Why use Axiom?

Because it’s great, of course! More specifically, it’s an object-relational database that’s ...

Actually Relational

Axiom imposes an extremely straightforward mapping between tables and classes: 1 to 1. Your tables get behavior. They can refer to each other. If you’re familiar with the relational model but are learning OO and want some of its features, Axiom won’t explode your brain with a million new concepts. After learning how a few simple Python expressions work, you can get up and running.

Axiom also respects the relational model and allows you to perform queries on groups of items at once, without loading them first. Support for updates and deletes without loading items will also be implemented before 1.0 is released. You don’t need to resort to writing your own ‘for’ loops or your own SQL code in order to load a joined query. No Potato Programming.

Actually Object-Oriented

Tables have behavior. You can have a reference to an arbitrary item. Items can exist outside the database. You can mix in code from utility classes to give your items additional methods, without affecting its schema. Simple database types like strings and integers can be mapped into complex, rich Python values, such as email addresses or a fixed-point decimal class.


Axiom’s ‘Powerups‘ mechanism allows you enhance a database, or any row within a database, with additional functionality.


Axiom isn’t a static database. It is dynamic, it contains behaviors.

You can, for example, install a scheduler which will run tasks at specific times when the database is open.


The aforementioned scheduler is implemented using Twisted’s reactor. Axiom was explicitly designed for use with events and integrates nicely into a Twisted-based environment.


Axiom applications can keep running while they’re being upgraded from one schema to another (with a partial dataset available). Upgrades are handled automatically, and the code for upgrading can be kept separate from your application code. You can even write upgraders which involve complex relationships between multiple rows.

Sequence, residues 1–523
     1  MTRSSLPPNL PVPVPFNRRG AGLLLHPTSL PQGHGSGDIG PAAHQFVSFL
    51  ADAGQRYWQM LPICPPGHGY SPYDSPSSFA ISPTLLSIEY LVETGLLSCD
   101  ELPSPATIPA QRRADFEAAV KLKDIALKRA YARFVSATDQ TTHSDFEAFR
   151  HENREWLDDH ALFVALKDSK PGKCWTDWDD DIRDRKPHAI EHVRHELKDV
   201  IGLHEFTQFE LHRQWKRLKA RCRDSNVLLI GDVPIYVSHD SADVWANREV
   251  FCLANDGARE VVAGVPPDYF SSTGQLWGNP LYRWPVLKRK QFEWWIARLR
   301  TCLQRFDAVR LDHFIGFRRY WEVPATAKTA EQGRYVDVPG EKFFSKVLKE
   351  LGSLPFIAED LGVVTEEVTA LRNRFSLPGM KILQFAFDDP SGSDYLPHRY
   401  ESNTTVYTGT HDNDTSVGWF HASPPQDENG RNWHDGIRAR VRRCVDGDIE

Axiom gives you the power of an SQL database without the hassle of generating code from within code.

Working with Axiom databases is easy. The underlying SQLite engine is pretty simple to use already, but Axiom doesn’t add layers of complexity that get in your way. Compare loading a row and manipulating it with a Python class:

from axiom.store import Store
s = Store('store.axiom')
x = s.getItemByID(0)
from pysqlite2 import dbapi2
from mymodule import MyClass
con = dbapi2.connect('store.sqlite')
cur = con.cursor()
cur.execute('select * from my_table where oid = 0')
row = con.fetchall()[0]
x = MyClass(row)

In this case the Axiom example is actually quite a lot shorter!


Axiom keeps your in-memory objects up to date with what’s happening in the database, even when transactions have to be rolled back. No need to manage connections of your own. No more forgetting to commit a transaction, or forgetting to roll back in an error handler.

Axiom doesn’t expose any SQL to the application developer. Internally Axiom is also very careful about SQL generation: it doesn’t use string concatenation except where absolutely necessary, and instead uses ? interpolation. This means that your site will be completely secure against SQL injection attacks.

Axiom also makes sure that your objects in memory correspond to what’s in the database. If a transaction fails, Axiom will log the error and revert all the Python objects involved in the transaction to the state they are in after reverting. This brings the safety of database transactions into your Python code.